Studies that point to fractals in great Literature: https://www.theguardian.com/books/2016/jan/27/scientists-reveal-multifractal-structure-of-finnegans-wake-james-joyce
Why and how? Most predictive measures of the current science play with sentence length and the implications that that has for overall meaning. It would appear, then, that a great work of art has significant forms of variation in sentence length, which would indicate a higher level of randomness and also changes in how thoughts are expressed. We also see, when these concepts are graphed, small portions of books being a microcosm of themselves. What does this mean?
Authors have been doing this conceptually for generations. However, it is thought of in different paradigms and in different methodologies. Authors, had originally used symbols, whether actions or otherwise, in specific circumstances to elicit a microcosm of their very own world that could represent the whole. The Aenied is littered with metaphors of people leaving from shore. The Portrait of the Artists as a Young Man is full of the protagonists feeling some vague pull to numerous objects of affection, be it sex, different poets that are acceptable, or wanderlust. The fall of Hector in the Iliad. Even in Gulliver’s Travels, Swift makes each travel a small microcosm of the overall experience.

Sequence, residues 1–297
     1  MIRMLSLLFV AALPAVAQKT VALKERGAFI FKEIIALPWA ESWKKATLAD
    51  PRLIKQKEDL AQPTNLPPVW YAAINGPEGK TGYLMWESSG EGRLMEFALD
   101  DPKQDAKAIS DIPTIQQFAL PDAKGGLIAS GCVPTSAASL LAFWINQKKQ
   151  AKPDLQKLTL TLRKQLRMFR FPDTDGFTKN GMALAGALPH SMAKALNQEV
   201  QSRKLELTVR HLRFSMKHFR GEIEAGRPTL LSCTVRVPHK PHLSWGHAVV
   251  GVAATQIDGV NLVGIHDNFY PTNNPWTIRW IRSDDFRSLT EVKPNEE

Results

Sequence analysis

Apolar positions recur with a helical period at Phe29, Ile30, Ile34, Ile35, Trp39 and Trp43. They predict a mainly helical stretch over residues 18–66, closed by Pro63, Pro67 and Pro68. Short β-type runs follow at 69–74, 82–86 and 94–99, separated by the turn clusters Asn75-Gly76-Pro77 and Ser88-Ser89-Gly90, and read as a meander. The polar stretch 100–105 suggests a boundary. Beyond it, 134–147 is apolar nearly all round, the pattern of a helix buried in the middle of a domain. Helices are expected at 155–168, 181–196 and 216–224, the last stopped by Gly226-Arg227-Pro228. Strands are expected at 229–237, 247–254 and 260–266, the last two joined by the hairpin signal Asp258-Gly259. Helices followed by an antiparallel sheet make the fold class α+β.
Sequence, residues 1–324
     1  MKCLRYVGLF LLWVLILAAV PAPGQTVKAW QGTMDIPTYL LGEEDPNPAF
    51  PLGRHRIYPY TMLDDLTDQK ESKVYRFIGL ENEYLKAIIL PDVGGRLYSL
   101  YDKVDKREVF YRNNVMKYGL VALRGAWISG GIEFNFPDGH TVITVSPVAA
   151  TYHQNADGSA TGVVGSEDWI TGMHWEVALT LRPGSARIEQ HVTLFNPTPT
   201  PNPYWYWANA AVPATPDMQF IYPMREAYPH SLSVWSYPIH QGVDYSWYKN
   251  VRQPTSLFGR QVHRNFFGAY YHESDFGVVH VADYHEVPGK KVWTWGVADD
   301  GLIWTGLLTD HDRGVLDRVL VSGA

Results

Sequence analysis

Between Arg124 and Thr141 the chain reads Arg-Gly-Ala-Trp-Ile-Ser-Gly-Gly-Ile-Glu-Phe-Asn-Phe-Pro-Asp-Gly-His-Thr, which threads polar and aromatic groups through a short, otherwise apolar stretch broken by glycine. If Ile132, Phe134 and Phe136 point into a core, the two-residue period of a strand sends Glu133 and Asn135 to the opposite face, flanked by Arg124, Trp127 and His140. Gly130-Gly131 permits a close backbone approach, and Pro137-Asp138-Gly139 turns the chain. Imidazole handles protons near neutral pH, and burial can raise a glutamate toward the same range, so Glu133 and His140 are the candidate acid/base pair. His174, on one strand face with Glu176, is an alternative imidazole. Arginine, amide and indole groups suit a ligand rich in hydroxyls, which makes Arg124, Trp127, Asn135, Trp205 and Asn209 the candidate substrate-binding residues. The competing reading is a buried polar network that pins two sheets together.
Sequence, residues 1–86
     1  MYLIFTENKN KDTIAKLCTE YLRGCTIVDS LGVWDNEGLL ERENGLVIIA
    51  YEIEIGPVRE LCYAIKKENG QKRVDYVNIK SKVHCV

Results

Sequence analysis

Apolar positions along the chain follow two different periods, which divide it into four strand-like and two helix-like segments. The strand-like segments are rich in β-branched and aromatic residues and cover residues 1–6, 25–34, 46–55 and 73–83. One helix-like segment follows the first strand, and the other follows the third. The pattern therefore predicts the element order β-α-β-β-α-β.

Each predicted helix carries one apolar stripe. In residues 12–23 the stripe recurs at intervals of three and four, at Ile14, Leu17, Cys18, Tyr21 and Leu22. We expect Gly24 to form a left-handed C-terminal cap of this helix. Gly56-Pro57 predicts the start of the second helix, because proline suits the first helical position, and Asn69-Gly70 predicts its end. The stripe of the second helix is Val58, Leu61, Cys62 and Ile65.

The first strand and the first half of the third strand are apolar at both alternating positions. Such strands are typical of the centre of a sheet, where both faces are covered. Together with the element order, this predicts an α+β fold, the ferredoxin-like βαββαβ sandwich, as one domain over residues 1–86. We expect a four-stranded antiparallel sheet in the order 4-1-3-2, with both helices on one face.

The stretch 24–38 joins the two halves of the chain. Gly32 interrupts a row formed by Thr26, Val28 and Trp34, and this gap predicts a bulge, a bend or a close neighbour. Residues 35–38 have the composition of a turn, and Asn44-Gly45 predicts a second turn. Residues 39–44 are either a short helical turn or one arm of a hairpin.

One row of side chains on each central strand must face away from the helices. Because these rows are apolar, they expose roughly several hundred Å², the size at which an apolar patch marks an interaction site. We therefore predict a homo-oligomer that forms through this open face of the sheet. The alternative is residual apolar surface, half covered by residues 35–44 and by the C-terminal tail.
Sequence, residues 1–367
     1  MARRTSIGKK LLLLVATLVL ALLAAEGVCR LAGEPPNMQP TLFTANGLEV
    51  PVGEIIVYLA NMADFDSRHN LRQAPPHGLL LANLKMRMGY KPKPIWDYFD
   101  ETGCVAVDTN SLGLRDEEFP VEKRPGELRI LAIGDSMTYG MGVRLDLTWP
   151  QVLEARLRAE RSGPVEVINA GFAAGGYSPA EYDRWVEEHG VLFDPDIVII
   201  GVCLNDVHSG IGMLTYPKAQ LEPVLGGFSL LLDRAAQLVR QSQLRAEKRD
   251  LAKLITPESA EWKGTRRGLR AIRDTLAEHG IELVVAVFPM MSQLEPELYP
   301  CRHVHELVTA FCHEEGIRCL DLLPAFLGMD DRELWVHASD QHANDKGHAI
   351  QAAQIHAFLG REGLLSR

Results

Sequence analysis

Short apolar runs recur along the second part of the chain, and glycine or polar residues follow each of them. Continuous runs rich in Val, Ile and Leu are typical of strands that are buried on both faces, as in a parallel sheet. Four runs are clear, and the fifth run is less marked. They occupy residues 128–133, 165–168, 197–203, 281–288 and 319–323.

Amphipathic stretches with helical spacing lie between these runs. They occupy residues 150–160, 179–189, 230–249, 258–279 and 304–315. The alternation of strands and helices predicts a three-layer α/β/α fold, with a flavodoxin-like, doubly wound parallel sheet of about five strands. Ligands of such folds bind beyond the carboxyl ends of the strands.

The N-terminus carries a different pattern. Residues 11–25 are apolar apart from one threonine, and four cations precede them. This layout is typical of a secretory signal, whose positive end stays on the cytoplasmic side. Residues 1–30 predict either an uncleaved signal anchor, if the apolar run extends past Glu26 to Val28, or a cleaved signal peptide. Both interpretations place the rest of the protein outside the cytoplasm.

What does this practice inevitably lead to?
This practice inevitably leads to synthetic chaos. This practice of creating mulit-faceted reproductions of the macro-schema into the micro-schema would leave to various pieces to a puzzle, in the micro-schema, that are not fully understandable by themselves. As granularity of examples increases, so does confusion on its import and purpose. Sound like fractals? That’s because it should. Fractals are used in art to create an ever further tunneling down into the messages of itself. It is when we divulge these elements into a macro view that we are better able to understand their whole meaning, this is a concept seen in fractal theory repeatedly. So why synthetic chaos? One could refer to this concept more colloquially as suspense, or symbols, or any incomplete piece of information that is used to then later form the whole. This issuing of synthetic chaos leaves the reader dazed and lusting for more until the very end. At the end, the reader should feel as if they have been brought into new light, Madame Bovary being a perfect example of all this chaos leading to a false purpose and then the meaning being given in the end, or re-birthed through the passage of art.
It is then my theory, that art uses fractally similar bits of its own whole to create a synthetic chaos that is then dispelled, in some way or another, to create a feeling of rebirth. Id est, that art is the recreation of Creation itself. This feeling of being lost in suspended chaos and then brought to a point of understanding and clarity is the mimicry of what it means to be born, to be human, and to find meaning in the chaos.